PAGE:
Go Back  FlyerTalk Forums > Miles&Points > Airlines and Mileage Programs > British Airways | Executive Club
Reload this Page >

The 2017 BA compensation thread: Your guide to Regulation EC261/2004

The 2017 BA compensation thread: Your guide to Regulation EC261/2004

Closed Thread

Old Oct 1, 17, 3:59 am
  #1486  
Moderator, Iberia Airlines, Airport Lounges, and Ambassador, British Airways Executive Club
Original Poster
2019 FlyerTalk Awards
 
Join Date: Feb 2010
Programs: BA Lifetime Gold; Flying Blue Life Platinum; LH Sen.; Hilton Diamond; Kemal Kebabs Prized Customer
Posts: 37,675
Originally Posted by Mattt1 View Post
Iíve had my CEDR response from BA over the MF strike and am currently preparing my rebuttal, would be good to discuss with others who are going through the same thing.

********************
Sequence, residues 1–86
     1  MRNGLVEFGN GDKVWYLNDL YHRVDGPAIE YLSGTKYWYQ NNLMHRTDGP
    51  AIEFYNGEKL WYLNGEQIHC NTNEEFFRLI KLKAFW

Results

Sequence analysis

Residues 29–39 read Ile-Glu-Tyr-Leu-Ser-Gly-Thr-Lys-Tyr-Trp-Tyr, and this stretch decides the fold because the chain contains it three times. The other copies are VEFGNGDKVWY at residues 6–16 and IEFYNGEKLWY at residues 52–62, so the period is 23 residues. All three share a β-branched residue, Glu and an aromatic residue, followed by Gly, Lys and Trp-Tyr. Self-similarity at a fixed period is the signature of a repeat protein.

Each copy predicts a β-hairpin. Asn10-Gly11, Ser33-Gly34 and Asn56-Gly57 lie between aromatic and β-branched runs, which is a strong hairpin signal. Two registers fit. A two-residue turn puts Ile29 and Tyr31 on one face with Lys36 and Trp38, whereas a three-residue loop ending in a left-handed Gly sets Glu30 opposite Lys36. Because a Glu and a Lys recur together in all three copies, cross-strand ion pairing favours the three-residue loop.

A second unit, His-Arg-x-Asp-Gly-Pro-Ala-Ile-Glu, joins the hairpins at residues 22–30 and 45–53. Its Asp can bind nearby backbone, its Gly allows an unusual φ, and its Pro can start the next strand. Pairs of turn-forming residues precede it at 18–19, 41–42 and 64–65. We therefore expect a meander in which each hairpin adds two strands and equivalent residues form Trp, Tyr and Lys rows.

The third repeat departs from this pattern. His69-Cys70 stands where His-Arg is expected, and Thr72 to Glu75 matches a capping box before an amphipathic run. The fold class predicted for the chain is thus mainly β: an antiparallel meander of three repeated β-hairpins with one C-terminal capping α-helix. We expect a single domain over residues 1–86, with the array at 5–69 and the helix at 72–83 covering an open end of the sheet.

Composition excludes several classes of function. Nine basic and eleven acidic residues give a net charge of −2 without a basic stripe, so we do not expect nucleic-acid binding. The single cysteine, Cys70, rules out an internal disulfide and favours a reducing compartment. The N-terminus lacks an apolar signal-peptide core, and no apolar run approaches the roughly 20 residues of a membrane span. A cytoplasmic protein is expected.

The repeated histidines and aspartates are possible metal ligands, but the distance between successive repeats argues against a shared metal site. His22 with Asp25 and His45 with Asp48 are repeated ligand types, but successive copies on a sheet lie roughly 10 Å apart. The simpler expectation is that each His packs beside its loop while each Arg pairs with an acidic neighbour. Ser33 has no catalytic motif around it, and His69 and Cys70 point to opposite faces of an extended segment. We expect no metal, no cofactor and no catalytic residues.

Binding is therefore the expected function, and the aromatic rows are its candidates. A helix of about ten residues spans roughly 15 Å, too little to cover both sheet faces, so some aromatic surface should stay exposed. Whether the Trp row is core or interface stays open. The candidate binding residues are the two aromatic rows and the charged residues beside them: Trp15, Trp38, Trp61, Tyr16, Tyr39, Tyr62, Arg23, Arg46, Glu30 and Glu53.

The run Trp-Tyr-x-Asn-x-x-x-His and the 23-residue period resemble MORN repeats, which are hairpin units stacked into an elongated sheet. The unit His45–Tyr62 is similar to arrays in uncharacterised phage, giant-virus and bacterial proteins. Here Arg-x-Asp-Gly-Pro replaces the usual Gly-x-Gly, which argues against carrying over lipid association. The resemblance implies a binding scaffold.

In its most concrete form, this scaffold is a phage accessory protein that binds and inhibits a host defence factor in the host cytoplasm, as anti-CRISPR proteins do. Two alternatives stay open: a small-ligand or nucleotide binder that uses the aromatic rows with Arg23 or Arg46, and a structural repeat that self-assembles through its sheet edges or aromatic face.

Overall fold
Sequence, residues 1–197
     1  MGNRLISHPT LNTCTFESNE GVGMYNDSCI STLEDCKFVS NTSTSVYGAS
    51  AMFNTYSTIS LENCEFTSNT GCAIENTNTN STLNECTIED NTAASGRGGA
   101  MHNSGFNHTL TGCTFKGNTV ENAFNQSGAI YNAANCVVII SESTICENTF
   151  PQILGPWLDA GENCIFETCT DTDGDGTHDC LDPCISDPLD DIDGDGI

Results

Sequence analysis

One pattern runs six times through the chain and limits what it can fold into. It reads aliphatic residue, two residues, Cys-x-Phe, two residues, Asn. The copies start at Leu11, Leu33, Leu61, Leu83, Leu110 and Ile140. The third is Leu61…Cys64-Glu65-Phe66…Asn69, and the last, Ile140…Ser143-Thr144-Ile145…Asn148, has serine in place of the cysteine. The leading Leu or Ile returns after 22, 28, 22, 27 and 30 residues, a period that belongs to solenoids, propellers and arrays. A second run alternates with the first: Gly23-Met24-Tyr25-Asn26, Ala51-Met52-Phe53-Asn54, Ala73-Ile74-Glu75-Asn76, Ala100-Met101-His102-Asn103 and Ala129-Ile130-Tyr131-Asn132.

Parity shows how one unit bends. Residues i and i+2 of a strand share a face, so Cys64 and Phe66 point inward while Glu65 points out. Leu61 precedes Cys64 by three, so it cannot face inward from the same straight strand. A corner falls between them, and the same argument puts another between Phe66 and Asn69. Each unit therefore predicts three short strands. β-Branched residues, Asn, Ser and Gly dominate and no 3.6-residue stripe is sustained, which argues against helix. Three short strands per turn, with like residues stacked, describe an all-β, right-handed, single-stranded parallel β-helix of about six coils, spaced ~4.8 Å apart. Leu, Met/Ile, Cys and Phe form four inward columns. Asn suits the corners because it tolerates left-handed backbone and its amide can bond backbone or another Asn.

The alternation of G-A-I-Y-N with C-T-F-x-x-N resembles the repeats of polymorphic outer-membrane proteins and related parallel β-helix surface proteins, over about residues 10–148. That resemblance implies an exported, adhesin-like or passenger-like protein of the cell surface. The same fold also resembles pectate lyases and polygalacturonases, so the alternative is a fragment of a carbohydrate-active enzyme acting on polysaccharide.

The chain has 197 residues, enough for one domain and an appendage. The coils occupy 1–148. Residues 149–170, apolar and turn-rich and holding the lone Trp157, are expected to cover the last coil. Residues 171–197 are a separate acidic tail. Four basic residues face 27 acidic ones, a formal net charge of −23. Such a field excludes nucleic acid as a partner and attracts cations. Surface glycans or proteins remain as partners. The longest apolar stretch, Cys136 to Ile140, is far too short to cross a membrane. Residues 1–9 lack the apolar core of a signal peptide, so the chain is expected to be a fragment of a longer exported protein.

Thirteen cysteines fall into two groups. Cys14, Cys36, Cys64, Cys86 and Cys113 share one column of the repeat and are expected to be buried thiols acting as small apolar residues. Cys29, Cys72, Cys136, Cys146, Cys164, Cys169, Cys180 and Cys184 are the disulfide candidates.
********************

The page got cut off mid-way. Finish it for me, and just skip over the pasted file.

I think it's worth pointing out that this was for cancellation caused by the MF strike, but on a route that MF were not due to be rostered, namely Riyadh. There is an argument which covers MF routes, but a rather stronger one for knock-on impacts. If I was involved with this, I would be focusing on the final words of the relevant sentence in 5.2:
An operating air carrier shall not be obliged to pay compensation in accordance with Article 7, if it can prove that the cancellation is caused by extraordinary circumstances which could not have been avoided even if all reasonable measures had been taken.
corporate-wage-slave is online now  
Old Oct 1, 17, 6:40 am
  #1487  
 
Join Date: Jan 2017
Posts: 66
Originally Posted by Mattt1 View Post